The alert wasn’t a new take; violence prevention has drawn attention in the past. The U.S. Occupational Safety and Health Administration (OSHA) issued a 47-page report in 2004 titled “Guidelines for Preventing Workplace Violence for Health Care & Social Service Workers,” a playbook still in use today. Both the Joint Commission alert and the OSHA report were often referred to in the wake of the Johns Hopkins shooting, in which two people died, as institutions and doctors answered questions about how well their offices, staff and patients were protected.
Explore This IssueDecember 2010
“This is occurring, and it is a systemic problem,” Dr. Schyve said. “Some organizations may have ignored it, and we’re saying you need to think about it in a systemic way…create a culture of remembering things can go wrong.”
But when it comes to violence prevention, terms like “systemic” and “culture” can often sound a bit amorphous to physicians looking for practical advice. Dr. Bradford said otolaryngologists should think about the issue in more narrow terms, such as installing security systems and drafting safety protocols for different situations.
She noted that while physicians often feel a medical and almost societal obligation to help their patients, otolaryngologists would do well to remember they do not have to put up with violent or otherwise inappropriate behavior. “You can fire a patient,” Dr. Bradford said. “We will do that if somebody is disruptive or abusive.”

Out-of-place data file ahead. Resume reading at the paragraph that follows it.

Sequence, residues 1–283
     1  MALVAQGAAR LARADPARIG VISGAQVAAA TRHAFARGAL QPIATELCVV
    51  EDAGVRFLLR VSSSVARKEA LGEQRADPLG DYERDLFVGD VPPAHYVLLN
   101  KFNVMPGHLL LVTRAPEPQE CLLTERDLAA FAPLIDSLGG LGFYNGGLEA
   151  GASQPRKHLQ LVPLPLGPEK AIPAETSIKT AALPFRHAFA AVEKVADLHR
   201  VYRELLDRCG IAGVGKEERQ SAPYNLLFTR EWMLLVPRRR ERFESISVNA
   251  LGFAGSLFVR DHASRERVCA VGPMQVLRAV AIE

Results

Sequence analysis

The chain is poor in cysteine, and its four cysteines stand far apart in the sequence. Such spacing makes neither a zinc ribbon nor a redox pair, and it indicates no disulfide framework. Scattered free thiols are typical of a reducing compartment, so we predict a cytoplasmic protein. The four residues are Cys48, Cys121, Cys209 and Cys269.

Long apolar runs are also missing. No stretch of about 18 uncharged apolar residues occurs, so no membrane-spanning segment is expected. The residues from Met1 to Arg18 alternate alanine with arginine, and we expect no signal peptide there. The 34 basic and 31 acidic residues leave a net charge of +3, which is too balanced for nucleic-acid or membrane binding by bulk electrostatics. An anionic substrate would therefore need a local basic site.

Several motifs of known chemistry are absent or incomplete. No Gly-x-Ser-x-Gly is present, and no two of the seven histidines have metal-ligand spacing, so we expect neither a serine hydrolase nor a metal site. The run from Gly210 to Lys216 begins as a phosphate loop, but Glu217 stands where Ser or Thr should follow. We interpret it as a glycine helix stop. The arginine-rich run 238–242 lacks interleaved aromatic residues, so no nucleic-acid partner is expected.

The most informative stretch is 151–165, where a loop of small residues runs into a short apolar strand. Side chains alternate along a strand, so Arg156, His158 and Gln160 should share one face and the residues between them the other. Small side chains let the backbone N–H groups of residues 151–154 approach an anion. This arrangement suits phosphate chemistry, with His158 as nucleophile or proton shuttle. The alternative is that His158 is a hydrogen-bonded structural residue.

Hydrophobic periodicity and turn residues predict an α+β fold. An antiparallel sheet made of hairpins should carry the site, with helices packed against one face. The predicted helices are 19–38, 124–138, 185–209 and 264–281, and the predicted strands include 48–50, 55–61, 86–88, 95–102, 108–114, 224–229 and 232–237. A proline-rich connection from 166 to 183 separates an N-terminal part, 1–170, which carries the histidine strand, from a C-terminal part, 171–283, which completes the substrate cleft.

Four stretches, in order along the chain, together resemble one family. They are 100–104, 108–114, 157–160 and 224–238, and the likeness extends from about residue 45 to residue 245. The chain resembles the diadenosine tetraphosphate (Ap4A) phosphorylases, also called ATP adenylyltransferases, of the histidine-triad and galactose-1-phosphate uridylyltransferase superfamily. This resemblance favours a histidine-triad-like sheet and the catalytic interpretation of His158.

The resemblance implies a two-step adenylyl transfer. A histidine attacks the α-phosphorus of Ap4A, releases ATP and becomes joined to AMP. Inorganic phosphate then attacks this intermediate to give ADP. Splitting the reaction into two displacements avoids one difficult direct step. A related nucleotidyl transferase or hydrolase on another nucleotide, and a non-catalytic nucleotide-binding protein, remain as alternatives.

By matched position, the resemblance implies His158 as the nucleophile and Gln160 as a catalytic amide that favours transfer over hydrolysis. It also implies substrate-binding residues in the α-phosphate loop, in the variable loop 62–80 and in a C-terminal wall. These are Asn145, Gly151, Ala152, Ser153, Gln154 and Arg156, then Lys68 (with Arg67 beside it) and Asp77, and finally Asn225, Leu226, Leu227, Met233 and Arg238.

The process is rare, she cautioned, and should almost always be handled in concert with legal advice, but the overall point she hopes people take away from the idea is that the physician can and should drive the process of creating a safe environment.
Dr. Schyve agreed that physicians need to push the conversation but says it can be difficult to find the right balance between creating an inviting office atmosphere and maintaining unseen security measures. Because many otolaryngologists work in private clinic settings outside the more regimented structure of hospitals and academic institutions, that balance is often something that must be tailored, he said. “In some settings in which controlled drugs are stored, an entrance that is opened only with a buzzer may be necessary,” Dr. Schyve explained, “whereas, in another setting, an unlocked entrance door may be appropriate.”
He added that the mindset of wanting to help patients is the same perspective that often leads physicians to envision rosier outcomes, both about a patient’s prognosis and the likelihood that a patient may be a violent actor. “We have a tendency to be optimistic,” he said. “That optimism…sometimes means we’re not paying attention to the fact that something could go wrong.”